When you need to get some relief from the summer heat but your home does not have a central HVAC system, should you buy a portable or window air conditioner to lower the temperature? Let's compare the two different types of AC, pros and cons so you can see which is the best option for your cooling needs.
Before I get started, I want to first clarify which each type of cooler is. To do that, I'll provide a quick overview of how each is installed and how it works.
The most obvious difference between a portable and window AC is that the former is a standalone unit on wheels that you can place in a convenient spot in a room, preferably near a window, while the latter must be installed into a window opening.
Portable Air Conditioner
A portable unit is the first choice for many people looking for a simple cooling solution because it does not require any difficult installation. It can literally be wheeled into position, plugged into a wall socket, have the exhaust hose trailed out a nearby window and turned on with cold air blasting out right away.
The only marginally awkward part is assembling and fitting the window venting kit. That is generally a fairly simple and straightforward job as long as you have a suitable window.
This usually means a window that opens vertically so the venting kit can be located at the bottom of the opening and the lower pane closed down on it to secure it to the frame.
The rest is simple enough. Once the hose is attached to the back of the unit at one end and the venting kit at the other, the unit will provide a welcome stream of cold air, gradually lowering the room temperature until it reaches its thermostat setting (you set it at a comfortable temperature).
Window Air Conditioner
A window fitted unit may at first glance seem the less attractive choice of cooling device. That's because it does need to be installed in a window opening and fixed in place.
The unit will naturally obscure a section of the window, reducing the amount of natural light to the room. That can be off-putting to some folks.
The upside is that window ACs are generally more economical than their portable counterparts and once installed, do not have an unsightly corrugated plastic hose dangling off the window. Nor do they take up any floor space, which in a small room may be valuable real estate.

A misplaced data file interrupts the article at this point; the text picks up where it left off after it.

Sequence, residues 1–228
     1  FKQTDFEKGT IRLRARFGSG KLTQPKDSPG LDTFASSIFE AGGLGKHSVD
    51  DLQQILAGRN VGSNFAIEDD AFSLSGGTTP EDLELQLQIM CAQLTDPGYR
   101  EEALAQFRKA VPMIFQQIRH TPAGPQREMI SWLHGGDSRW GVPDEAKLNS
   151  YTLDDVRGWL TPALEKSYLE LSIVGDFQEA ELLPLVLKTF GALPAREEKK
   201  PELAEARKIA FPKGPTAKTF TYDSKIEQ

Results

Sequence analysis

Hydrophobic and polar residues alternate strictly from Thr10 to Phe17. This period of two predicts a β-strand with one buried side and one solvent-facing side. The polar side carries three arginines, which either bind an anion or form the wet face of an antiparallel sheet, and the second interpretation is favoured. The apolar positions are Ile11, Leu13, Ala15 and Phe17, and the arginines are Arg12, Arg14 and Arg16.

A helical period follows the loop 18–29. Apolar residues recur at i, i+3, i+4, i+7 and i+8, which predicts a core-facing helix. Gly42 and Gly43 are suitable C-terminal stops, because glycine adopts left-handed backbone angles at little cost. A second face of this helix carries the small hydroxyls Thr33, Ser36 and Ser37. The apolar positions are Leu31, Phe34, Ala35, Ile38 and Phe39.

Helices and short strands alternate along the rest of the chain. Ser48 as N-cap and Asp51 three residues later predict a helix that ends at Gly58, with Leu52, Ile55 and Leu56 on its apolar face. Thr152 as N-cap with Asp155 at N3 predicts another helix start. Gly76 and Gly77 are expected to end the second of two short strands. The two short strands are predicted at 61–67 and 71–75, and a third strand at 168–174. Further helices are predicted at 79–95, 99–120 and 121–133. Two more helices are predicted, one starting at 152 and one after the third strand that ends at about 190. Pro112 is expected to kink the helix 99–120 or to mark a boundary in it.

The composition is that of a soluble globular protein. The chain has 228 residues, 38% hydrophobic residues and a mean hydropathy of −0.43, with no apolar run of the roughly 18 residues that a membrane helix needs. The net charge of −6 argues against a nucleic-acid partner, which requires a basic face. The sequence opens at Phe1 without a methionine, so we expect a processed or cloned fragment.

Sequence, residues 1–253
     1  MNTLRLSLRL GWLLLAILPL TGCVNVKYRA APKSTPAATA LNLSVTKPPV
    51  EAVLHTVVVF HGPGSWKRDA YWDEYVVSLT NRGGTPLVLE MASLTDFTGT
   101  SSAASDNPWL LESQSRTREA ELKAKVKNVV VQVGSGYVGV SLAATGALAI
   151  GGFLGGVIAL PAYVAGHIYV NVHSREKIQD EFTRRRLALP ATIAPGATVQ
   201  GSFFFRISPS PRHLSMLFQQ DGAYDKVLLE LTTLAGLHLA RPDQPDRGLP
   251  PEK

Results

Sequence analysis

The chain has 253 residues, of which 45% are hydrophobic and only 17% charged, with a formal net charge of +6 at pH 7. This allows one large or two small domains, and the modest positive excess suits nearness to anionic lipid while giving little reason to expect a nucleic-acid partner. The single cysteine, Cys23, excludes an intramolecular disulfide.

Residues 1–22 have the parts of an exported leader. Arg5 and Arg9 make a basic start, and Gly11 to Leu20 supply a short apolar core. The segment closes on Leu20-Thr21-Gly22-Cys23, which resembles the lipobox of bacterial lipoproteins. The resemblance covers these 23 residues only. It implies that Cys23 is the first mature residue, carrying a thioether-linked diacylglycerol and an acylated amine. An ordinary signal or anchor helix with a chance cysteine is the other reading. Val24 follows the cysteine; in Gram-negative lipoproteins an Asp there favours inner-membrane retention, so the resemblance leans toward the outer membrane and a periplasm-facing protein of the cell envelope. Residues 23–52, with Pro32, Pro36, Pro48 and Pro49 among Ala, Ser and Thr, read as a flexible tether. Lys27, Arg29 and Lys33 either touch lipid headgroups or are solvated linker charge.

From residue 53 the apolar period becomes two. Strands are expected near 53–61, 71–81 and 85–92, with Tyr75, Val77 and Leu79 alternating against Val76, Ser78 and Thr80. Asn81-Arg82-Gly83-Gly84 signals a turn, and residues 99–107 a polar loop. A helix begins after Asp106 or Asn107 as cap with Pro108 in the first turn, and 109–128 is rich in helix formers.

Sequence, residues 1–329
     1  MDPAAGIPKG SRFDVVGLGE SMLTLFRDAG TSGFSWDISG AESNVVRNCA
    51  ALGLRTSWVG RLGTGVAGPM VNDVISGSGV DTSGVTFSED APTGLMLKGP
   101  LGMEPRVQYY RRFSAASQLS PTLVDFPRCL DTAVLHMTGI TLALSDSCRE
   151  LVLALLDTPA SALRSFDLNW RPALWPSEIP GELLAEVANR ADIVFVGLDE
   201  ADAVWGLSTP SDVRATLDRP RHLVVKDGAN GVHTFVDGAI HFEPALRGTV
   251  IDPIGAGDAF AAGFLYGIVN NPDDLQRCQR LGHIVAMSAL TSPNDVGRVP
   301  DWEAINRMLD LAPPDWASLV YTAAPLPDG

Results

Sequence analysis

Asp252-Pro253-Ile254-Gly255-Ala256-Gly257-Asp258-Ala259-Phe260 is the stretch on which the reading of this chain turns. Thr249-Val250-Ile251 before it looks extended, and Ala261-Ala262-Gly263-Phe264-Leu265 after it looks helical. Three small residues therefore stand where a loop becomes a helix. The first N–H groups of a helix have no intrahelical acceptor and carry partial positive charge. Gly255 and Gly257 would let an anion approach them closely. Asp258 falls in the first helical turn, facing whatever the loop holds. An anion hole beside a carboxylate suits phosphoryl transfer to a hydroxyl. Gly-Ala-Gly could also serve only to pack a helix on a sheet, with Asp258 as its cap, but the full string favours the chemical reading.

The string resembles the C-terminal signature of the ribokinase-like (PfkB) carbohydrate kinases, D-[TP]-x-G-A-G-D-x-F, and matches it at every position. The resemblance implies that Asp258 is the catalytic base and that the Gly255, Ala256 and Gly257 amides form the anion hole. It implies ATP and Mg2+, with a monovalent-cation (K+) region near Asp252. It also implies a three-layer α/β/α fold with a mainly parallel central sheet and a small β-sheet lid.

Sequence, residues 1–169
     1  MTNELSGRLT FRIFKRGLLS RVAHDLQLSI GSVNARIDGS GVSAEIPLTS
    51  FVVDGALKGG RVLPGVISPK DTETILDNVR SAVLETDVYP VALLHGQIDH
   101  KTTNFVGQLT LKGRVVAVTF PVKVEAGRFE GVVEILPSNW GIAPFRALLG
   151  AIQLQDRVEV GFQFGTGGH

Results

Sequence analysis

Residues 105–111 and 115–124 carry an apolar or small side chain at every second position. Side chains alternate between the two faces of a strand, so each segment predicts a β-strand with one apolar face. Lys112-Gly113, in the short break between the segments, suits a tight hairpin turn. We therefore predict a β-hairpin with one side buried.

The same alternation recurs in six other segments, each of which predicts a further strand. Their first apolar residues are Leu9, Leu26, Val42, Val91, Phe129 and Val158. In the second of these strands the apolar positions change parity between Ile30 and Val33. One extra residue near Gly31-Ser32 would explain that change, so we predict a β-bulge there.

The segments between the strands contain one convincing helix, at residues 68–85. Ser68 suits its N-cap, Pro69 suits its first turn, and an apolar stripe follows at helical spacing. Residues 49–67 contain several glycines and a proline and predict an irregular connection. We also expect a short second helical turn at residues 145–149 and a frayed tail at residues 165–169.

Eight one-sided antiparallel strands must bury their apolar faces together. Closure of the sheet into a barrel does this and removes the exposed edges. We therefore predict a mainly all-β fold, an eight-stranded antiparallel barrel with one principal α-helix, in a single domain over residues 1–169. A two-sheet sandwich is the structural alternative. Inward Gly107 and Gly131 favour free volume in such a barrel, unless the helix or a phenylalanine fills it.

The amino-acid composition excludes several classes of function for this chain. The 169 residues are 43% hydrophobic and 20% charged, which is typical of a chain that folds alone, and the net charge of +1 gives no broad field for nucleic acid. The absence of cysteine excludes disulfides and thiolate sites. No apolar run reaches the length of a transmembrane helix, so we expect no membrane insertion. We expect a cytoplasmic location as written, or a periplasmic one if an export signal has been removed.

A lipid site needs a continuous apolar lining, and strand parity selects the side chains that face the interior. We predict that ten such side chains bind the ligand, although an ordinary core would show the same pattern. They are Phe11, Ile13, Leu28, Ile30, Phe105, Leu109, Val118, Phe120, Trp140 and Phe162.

The downside is you need to have a practical or handy person around that can install the device, although that's usually achievable by most handymen with the right tools.
Which Type of AC is Best to Buy?
What you'll need to decide is which type is best for your needs and will suit your living situation and budget the best. If you only need one room to be cooled, for example a living or family room and you have a suitable window that you can afford to sacrifice some of the natural daylight it allows into the room, then a window AC would be a good choice.
If, on the other hand you need a cooler that youcan move from room to room as you move about your home, then a portable unit might be a more suitable choice. Of course, you would need to install a window venting kit on a window in each room that you intend using the unit in. That's important because an AC must be vented to the outside.
Hot Air Exhaust Venting
All air conditioners produce as much hot air as they produce cold. This is a by-product of the refrigeration process that needs a large, heat-producing compressor to chill the refrigerant gas.
Most fixed, central or house-wide HVAC systems have all the necessary venting and ducting in place to carry the hot, moist air away from the interior of the building and expel it to the outdoors, which you often never even see. Window units are already fixed to an external window so they can vent off the hot air from their position.
Portable AC units however do not have any fixed ducting or ventilation pipes handy, since they're designed to be moved from room to room on wheels. What they do have is a wide, flexible hose that needs to be connected to an external port either through a wall or a window to allow the hot air to escape to the outside.
This is important to know. It does happen occasionally that a person buys a portable AC and doesn't understand how or why the vent needs to be connected to a window: they fail to fit the hose to the unit and switch it on, then complain that it doesn't work because it's pumping more hot air out of the back than cold air out the front!
I know it's hard to believe, but it does happen!
Which Will You Buy?
The choice is now yours to make. Do you take the easiest option and get a portable unit, being comfortable with the idea of fixing the vent hose to a window fixing kit in each room you intend to use it in?
Or would you prefer to go with a fixed window model that you are confident you can install (or you know someone whop can do it for you) and like the idea of having it fixed in one place and costing less to run overall?
Either way, you can buy a portable or window air conditioning unit at a local hardware store or order one online from a popular store like Amazon and get free shipping and probably save money on the purchase price too. For your convenience, I have included my own top picks of each type that you can buy from Amazon to give you a starting place to go from:
Take a look at the choices above and if one or more of them stand out, feel free to click the item to view the Amazon sales page where you can get the full specifications, current price and read customer feedback to help you choose.
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